Foreign Minister Maas on his participation in the Sudan conference
Foreign Minister Maas issued the following statement today (17 May) before departing for Paris to participate in the Sudan conference:
Throughout the region, great hopes have been pinned on the success of the peaceful revolution in the Sudan. Women and young people in particular brought an end to 30 years of autocratic rule when they took to the streets of their country in 2019. The political and economic reform process poses challenges, but provides an historic opportunity to achieve more peace, economic prospects and freedom for the people in the Sudan. Germany has stood shoulder to shoulder with them from the very beginning.
The Sudan conference held last year in Berlin saw the Sudan take a seat at the table with the international community once again after decades of isolation. Together with the EU, the United Nations and many others, we used the Berlin conference to mobilise political and financial support for the Sudan. The country has since made progress on various fronts, including the signing of the Juba Peace Agreement last October as well as far‑reaching economic reforms.
To ensure that the Sudan has a chance of succeeding on this difficult path, we want to use today’s conference in Paris to initiate a process of debt relief. Germany is ready to participate fully in this process, both in the clearing of the Sudan’s arrears to the IMF and by forgiving bilateral debt.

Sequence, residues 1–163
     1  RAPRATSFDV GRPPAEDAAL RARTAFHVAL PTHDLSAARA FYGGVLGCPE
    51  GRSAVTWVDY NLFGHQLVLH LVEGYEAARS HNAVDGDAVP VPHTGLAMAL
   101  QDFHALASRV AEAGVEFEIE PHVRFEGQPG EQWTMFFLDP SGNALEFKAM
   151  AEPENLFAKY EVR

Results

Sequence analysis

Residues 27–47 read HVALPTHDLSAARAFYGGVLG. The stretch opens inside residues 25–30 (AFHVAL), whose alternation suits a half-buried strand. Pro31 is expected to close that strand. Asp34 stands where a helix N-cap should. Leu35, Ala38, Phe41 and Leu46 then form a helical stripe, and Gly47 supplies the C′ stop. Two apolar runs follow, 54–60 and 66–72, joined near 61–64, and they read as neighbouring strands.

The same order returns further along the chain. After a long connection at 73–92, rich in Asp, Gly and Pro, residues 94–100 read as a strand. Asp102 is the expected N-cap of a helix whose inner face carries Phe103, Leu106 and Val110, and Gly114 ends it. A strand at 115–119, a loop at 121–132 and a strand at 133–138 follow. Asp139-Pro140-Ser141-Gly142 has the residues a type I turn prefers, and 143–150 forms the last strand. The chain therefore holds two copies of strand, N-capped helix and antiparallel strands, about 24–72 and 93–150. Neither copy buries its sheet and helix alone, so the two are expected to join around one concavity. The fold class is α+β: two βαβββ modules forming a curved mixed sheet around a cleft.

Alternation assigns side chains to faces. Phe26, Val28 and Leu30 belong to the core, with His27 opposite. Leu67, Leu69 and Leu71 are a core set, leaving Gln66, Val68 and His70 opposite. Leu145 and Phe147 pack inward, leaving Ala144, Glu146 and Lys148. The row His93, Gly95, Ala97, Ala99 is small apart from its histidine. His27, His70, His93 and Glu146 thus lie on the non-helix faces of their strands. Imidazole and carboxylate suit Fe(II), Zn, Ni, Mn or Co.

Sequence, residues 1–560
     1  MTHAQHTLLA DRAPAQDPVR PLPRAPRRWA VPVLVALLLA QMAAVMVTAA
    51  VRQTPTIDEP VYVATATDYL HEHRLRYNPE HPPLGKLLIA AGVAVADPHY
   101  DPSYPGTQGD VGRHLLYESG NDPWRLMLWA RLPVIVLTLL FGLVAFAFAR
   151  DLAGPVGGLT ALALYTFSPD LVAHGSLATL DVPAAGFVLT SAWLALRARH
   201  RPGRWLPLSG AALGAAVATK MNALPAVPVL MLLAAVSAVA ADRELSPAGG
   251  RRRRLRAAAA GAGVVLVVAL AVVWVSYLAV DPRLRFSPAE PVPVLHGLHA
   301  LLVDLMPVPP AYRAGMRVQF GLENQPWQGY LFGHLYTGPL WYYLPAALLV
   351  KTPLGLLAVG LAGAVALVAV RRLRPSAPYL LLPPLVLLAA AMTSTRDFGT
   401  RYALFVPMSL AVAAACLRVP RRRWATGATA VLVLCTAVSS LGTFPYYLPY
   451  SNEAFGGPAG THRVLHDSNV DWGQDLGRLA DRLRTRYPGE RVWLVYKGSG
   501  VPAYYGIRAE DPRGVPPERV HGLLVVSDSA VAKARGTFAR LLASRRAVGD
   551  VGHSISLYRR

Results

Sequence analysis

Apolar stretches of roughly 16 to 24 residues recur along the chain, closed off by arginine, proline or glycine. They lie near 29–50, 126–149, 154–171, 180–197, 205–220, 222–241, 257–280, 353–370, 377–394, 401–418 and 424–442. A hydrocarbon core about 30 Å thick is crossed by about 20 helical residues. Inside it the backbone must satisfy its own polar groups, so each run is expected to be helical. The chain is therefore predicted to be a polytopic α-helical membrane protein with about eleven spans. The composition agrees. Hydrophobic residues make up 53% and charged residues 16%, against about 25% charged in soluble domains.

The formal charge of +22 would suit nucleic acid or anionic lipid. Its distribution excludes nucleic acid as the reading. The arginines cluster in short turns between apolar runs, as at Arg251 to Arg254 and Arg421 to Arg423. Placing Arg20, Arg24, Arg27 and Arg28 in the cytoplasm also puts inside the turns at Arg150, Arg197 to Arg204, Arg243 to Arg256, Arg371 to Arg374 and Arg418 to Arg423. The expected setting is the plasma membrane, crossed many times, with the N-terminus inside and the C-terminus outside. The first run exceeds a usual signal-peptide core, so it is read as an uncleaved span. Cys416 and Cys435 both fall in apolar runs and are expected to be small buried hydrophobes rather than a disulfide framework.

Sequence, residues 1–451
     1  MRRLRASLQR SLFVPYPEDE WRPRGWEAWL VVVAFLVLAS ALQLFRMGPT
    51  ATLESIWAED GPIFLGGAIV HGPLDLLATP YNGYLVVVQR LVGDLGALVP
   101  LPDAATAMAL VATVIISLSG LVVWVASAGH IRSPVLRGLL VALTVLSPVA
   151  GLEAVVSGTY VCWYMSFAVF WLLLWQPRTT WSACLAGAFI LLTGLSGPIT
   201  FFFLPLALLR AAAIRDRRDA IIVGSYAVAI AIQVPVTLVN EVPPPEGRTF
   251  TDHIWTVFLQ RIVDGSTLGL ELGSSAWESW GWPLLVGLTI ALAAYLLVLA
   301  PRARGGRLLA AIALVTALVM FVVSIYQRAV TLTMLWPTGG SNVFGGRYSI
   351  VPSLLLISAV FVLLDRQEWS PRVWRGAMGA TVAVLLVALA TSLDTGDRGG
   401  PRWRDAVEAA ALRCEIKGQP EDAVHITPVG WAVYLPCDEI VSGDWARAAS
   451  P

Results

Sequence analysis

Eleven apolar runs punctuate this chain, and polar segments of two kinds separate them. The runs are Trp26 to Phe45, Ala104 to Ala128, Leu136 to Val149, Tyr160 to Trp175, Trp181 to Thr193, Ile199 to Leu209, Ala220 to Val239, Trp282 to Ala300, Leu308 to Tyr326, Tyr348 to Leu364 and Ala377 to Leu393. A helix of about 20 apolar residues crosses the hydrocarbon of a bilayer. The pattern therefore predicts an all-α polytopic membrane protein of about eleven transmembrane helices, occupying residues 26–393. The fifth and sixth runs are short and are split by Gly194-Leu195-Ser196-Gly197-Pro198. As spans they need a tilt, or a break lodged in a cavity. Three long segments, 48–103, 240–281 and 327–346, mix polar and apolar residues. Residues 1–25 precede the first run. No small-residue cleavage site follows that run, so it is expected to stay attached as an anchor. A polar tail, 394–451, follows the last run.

The conference on the Sudan organised by President Macron in Paris (17 to 18 May) is primarily dedicated to economic issues and debt relief for the country; it is also intended to generate interest in private-sector investment.
Today’s meeting in Paris follows the Partnership Conference held in Berlin in 2020, which paved the way for the Sudan to cooperate with the IMF and development banks. Over fifty participating states and international organisations attended. A total of 1.8 billion US dollars was pledged. This includes humanitarian assistance, COVID-19 measures, development cooperation and contributions to the Sudanese Government’s Family Support Programme, a welfare scheme which aims to mitigate the impact of the economic reforms and is partly financed by a World Bank trust fund.
The Sudan’s transitional government implemented important political and economic reforms last year. The key milestone was the signing of the Juba Peace Agreement, on 3 October 2020, between the Sudanese Government and a significant number of the armed groups.
In light of the country’s considerable debts (over 50 billion US dollars), the debt relief process under the HIPC (Heavily Indebted Poor Countries) Initiative is essential to enable economic recovery and sustainable development.